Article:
The Caged Bird Sings

Catbird


Catbird


I wince, sucking in a sharp hiss of air.

"You're bleeding, again," Antonia says, cleaning up the sticky red stuff between my legs. The ointment she carefully applies feels worse than the pain and I have to wonder if the treatment is worth it. Why would it be a treatment if it causes similar discomfort to the pain it's attempting to lessen?

It hurts, a burning sensation that prickles my nerves, but she's quick and thorough. Soon, she's packing up the medicine kit, walking to the door, and leaving without a backwards glance in my direction.

I carefully amble my way back to the bed, a sigh leaving my lips as I lay upon my back. The pain in my pelvis continues to increase as well. It worries me; I've never felt such aches before, not even during my cycles. This is different, sometimes sporadic, but the one thing I can always expect from my bleedings is just that—I expect them.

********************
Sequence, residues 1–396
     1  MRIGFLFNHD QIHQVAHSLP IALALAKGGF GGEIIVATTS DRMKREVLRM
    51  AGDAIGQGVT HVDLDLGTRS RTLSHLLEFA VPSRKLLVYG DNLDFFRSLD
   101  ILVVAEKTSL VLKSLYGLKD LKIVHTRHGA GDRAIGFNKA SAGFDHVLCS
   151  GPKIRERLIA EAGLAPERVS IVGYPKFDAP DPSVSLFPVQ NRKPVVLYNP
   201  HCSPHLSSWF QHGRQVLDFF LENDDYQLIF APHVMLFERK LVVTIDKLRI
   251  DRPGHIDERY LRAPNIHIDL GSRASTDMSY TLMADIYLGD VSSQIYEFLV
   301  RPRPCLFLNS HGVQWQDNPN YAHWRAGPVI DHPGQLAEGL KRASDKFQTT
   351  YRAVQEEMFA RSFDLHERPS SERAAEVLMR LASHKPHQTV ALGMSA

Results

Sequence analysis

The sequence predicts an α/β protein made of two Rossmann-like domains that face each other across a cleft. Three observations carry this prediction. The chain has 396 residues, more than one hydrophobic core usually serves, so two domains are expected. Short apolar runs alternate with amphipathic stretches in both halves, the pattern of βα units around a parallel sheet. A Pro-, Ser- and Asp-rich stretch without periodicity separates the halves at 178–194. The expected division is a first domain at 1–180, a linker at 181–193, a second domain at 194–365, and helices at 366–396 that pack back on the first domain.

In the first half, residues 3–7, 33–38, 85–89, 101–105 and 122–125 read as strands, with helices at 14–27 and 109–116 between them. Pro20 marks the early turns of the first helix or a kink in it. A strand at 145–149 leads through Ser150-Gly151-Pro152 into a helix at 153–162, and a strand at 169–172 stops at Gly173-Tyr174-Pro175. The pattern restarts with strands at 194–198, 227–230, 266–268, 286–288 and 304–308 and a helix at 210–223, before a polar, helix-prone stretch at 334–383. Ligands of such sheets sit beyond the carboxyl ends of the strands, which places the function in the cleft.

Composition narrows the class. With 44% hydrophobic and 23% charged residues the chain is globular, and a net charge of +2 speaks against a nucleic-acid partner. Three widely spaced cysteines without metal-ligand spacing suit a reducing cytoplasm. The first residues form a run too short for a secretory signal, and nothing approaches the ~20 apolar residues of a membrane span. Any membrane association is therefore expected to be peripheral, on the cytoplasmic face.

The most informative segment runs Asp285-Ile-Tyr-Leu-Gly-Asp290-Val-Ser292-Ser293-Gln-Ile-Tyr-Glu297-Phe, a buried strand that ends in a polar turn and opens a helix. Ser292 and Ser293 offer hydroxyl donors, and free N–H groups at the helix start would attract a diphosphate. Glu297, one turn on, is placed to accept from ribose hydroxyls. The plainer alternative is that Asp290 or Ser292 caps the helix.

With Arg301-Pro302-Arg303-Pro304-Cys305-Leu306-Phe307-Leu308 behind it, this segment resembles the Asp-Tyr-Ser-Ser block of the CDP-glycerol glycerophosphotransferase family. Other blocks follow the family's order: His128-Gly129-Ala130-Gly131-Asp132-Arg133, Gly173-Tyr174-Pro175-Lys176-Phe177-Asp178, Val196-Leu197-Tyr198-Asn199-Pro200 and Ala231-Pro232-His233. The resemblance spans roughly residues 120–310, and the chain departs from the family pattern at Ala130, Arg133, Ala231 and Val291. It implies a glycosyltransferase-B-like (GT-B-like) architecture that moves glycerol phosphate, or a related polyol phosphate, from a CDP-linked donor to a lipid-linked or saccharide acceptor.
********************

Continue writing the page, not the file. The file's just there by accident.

The bed is too hot for my liking but I don't move, the pain between my thighs intensifying with every minute movement. My mother may not be advanced like the Capitol, but she heals with amazing capability, as well as Prim and Rue. They could help.

Another jab through my pelvis snakes into my head, increasing the headache. I breathe in slowly, exhale slowly. I do this for a while, and it alleviates a bit of the throbbing that's bashing inside my skull, but it does minimal effect to the rest of me.

I watch the door open, hearing the creak, and Antonia comes back inside, holding washcloths but makes no step in my direction. She goes to the window and opens the curtains, blinding me with hot, white light. My eyes squeeze tightly, drawing another hiss through my teeth, and I cover my face from the sun. It's too, too bright and everywhere.

"Ugh, shut that!"

I hear her humph and she takes quick steps back to the door, saying, "You need the sun. You're looking very pale."

"My vagina hurts, woman, not my skin." I reply, glaring at her through my fingertips.

She stops, stares at me, and sniffs. "What the master sees in District 12 trash, I'll never know."

"I'll gladly switch places with you—then you can learn through the experience." I snap.

Her eyes widen a little before she purses her lips and vacates the room.